In 1978, a dozen years after “Taxman,” California voters would adopt a statewide tax-cut ballot initiative that launched a wave of similar measures across the United States. In the UK, voters gave tax-cut champion Margaret Thatcher her first parliamentary majority in 1979. Ronald Reagan won the White House the next year.
By 1986, the tax rate on income in America’s highest income bracket would be down to 28 percent. The formal top rate on high incomes has bounced a bit up since then. But the actual tax rate America’s richest pay, after loopholes, has sunk even lower. In 2013, Americans with the nation’s 400 highest reported incomes paid, after taking advantage of every loophole they could find, less than 23 percent of those incomes in federal income tax.
Back in 1955, the nation’s 400 highest incomes paid, after exploiting all available loopholes, over 51 percent of their incomes in federal income taxes.
The top 400 in 2013, by the way, averaged $265 million each in income. The top 400 back in Dwight Eisenhower’s 1955 averaged, by contrast, only $14.3 million, after adjusting for inflation. Decades of tax cuts at the top, in other words, have helped our rich today become fantastically richer.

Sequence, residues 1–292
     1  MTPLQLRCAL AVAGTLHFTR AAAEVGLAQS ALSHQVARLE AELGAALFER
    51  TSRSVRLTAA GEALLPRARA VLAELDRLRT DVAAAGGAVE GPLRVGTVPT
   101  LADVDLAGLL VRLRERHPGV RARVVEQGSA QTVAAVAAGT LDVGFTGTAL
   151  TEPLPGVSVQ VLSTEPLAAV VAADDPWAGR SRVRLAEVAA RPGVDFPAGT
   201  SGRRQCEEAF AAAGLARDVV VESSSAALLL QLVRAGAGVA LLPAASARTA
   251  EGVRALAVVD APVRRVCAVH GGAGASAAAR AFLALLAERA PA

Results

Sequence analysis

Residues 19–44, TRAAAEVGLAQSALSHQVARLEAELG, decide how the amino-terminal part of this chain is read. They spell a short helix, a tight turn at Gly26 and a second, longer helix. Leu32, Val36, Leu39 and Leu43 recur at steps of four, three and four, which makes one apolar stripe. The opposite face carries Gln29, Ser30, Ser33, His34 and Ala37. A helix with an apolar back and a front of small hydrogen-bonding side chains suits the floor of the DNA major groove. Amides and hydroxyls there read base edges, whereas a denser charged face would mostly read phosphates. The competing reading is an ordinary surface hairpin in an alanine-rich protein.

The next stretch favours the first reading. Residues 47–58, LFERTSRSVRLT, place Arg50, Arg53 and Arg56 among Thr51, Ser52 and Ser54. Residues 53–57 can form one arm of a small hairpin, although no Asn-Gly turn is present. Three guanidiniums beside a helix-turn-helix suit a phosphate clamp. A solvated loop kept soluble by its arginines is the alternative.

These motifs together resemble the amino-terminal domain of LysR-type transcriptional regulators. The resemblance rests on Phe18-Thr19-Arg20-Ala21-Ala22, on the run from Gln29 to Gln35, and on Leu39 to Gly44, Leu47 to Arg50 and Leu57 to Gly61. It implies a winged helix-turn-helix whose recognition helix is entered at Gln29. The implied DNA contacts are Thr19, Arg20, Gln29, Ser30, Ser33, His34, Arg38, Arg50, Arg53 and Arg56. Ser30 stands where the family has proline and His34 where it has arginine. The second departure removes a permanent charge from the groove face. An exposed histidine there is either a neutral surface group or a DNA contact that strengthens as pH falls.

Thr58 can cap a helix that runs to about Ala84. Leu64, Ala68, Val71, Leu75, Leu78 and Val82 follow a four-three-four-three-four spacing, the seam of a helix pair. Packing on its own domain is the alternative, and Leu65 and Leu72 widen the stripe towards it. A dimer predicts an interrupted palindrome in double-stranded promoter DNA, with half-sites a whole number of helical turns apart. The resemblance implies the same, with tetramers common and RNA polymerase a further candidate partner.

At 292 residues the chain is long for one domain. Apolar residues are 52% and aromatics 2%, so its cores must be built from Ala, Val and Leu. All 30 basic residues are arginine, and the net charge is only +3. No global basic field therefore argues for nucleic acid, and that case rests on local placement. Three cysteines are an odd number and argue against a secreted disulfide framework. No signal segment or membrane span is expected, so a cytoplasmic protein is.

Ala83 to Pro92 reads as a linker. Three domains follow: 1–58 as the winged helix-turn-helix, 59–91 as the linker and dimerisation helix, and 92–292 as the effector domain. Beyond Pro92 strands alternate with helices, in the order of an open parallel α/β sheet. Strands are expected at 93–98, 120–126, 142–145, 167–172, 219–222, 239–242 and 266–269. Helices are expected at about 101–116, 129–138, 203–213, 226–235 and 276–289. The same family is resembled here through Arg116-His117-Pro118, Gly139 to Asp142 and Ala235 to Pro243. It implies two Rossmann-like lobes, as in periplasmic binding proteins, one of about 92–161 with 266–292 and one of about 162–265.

Our society, in the meantime, has become fantastically unfriendlier to young men and women and their hopes and dreams. If George Harrison were still alive today, would he appreciate the irony?
Back in the high-tax 1950s, the young George Harrison had plenty of opportunity. Those years, as the famed 83-year-old British film director John Boorman observed in an interview last year, saw a huge expansion of health, education, and other public services. Every young person in the UK finally had a chance to attend a modern secondary school.
“For the first time, every kid was taught some element of music and art,” remembers Boorman, the director of Deliverance. “And the kids who were going to these schools grew up to be the Beatles and the Rolling Stones.”
Mr. Taxman deserved to be thanked for all that, not skewered.
Sam Pizzigati, an Institute for Policy Studies associate fellow, writes widely on inequality. His most recent book: “The Rich Don’t Always Win: The Forgotten Triumph over Plutocracy that Created the American Middle Class, 1900–1970” (Seven Stories Press). Follow him on Twitter @Too_Much_Online.